Free cash flow yield and growth are helpful for predicting returns of stocks. To evaluate this idea, indexes of stocks were sorted by free cash flow yield over a 26-year period at monthly intervals. The stock indexes were normalized by industry group and country as well to control for events that might have an outsized effect on a particular industry or country. After sorting and normalizing, the indexes were separated into five quintiles and the annualized return of each quintile was calculated based on historical data.
Higher free cash flow yields result in impressively higher returns and lower volatility over the whole 26-year period. However, examining the year by year performance, you will notice that there are multiyear periods where higher free cash flow quintiles underperform and a long period since the 2008 financial crisis where higher free cash flow quintiles have not resulted in more cumulative outperformance. Sometimes you can have extreme growth/momentum outperformance as in the late 1990s tech bubble as you do now, but this behavior historically reverts toward long-term averages. The 2007–2008 period underperformance was due to banks trading cheaply, and deservedly so, as a result of their problematic balance sheets. More recently, the low interest rates, and extreme monetary policy have created distortions resulting in strong performance of less profitable, more indebted companies and a wider range of perceived fair valuations of rapidly growing companies. As interest rates get marginally closer to zero, one can justify higher valuations approaching infinity in a discounted cash flow model.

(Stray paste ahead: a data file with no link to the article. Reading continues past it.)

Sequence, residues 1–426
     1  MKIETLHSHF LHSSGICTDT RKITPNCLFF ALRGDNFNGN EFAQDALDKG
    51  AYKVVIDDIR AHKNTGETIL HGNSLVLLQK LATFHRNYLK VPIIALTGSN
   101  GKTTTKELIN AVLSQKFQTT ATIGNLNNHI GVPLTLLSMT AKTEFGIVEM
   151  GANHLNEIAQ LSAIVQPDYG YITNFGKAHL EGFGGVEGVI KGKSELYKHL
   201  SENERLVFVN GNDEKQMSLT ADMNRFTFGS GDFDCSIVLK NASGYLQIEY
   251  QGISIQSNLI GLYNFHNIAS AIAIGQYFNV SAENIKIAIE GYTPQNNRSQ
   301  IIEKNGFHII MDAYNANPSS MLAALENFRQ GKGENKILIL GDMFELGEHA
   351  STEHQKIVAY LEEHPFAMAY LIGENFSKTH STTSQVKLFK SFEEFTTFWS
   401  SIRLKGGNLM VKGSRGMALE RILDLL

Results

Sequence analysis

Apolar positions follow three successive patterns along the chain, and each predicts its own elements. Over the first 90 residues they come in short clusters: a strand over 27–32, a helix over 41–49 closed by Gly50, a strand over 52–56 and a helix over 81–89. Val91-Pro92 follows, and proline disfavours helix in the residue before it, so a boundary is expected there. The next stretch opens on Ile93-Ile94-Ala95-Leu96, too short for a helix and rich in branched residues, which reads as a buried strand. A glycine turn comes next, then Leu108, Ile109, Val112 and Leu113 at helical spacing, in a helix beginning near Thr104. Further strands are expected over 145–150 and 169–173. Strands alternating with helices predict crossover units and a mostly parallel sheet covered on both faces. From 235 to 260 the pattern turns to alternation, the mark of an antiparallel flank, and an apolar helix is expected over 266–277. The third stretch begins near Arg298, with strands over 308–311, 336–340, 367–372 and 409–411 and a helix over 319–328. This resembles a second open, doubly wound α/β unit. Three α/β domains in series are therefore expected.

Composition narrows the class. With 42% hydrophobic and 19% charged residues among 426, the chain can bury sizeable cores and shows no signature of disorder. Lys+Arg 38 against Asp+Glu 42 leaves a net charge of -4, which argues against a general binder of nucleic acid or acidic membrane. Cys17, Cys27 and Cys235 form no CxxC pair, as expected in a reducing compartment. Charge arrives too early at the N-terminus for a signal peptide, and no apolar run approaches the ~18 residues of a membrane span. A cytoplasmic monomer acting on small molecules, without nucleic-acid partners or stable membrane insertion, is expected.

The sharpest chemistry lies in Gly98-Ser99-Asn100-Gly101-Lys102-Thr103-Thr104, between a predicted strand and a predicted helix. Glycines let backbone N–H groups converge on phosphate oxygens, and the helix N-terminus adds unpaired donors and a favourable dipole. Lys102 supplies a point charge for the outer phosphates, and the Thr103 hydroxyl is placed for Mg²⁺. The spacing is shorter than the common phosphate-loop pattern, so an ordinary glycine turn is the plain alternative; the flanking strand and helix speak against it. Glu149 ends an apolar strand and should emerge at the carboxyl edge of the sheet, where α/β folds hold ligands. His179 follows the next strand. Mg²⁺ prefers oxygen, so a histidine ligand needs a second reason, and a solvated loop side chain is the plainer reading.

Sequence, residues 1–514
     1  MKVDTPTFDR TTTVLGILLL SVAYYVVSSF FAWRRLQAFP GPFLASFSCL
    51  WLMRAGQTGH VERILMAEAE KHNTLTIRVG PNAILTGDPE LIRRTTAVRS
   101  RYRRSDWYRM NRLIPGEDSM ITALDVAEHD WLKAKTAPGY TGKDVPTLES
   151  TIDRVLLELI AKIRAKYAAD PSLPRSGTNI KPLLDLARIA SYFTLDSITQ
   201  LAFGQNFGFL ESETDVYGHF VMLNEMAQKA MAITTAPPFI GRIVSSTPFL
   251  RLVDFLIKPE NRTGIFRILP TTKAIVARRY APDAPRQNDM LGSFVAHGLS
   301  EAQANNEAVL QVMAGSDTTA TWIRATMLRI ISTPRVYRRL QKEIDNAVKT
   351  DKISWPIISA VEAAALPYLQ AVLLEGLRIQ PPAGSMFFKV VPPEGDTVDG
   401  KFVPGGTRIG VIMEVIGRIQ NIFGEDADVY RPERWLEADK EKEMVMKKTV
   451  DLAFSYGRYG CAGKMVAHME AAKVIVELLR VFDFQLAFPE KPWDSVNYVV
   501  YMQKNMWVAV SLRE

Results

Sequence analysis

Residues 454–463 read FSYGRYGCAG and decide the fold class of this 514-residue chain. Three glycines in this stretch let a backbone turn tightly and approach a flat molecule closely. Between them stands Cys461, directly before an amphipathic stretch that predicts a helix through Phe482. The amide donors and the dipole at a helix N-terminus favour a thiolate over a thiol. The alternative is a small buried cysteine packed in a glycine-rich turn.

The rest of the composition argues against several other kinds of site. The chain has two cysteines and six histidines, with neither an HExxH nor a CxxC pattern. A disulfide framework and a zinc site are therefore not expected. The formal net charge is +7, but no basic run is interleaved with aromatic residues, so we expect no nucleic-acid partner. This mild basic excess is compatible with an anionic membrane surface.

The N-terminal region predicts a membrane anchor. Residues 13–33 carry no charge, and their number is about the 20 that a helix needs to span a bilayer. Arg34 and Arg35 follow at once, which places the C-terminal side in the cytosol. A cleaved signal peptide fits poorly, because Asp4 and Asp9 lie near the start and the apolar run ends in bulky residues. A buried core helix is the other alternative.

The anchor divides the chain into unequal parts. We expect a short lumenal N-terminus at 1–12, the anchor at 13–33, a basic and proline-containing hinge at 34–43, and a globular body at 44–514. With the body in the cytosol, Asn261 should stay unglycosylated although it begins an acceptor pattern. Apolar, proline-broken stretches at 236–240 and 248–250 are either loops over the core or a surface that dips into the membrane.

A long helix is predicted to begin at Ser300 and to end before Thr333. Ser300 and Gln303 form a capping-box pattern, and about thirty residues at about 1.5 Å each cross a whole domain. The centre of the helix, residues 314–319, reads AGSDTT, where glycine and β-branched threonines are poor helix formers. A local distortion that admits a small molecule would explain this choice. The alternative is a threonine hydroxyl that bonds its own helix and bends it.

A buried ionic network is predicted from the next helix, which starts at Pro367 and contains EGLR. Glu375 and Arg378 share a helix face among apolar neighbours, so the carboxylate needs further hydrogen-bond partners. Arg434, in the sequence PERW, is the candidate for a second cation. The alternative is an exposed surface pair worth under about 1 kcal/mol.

Free cash flow yield is a more significant variable affecting equity returns in the small cap Russell 2000 index, probably because these companies can grow more on average than larger companies and the dispersion in how profitable or unprofitable (or headed toward bankruptcy or oblivion) they can be is much wider.
There is some outperformance from higher free cash flow growth quintiles, but the results are uneven because free cash flow growth doesn’t tell you anything about the valuation. The weakest quintiles don’t produce good returns, unsurprisingly. The highest quintile, however, doesn’t do as well as quintiles 2 and 3, likely because there is excessive enthusiasm for and resulting overvaluation of the fastest growing companies. The best cumulative returns are had by those that don’t grow as quickly, but are perhaps overlooked and undervalued. The fact that quintiles 2 and 3 tended to outperform during difficult periods for the market and free cash flow yield in general in the wake of the 2000 tech bubble and 2008 financial crisis supports this view.
Among smaller companies in the Russell 2000, free cash flow growth is a better indicator, likely because it is harder for market participants to ascertain the growth runways of smaller faster growing companies, and perhaps that they have not been too closely examined by too many participants to depress the returns of the fastest growing companies as has happened in the large cap Russell 1000, at least historically from time to time.
Similar results are found globally in the MSCI World index.
While the insights from studies like this are interesting and important, it is equally important to remember that over shorter periods of time, sometimes two to five years or longer, Mr. Market can behave erratically, out-of-sync with long-term average expectations.
1. William W. Priest, David N. Pearl, and Steven D. Bleiberg, “Free Cash Flow Works.” Epoch Investment Partners white paper, October 6, 2016.
2. Qing Li and Aye Soe, “Incorporating Free Cash Flow Yield in Dividend Analysis.” S&P Dow Jones white paper, November 2017.
This article is provided for informational purposes only and should not be interpreted as investment advice.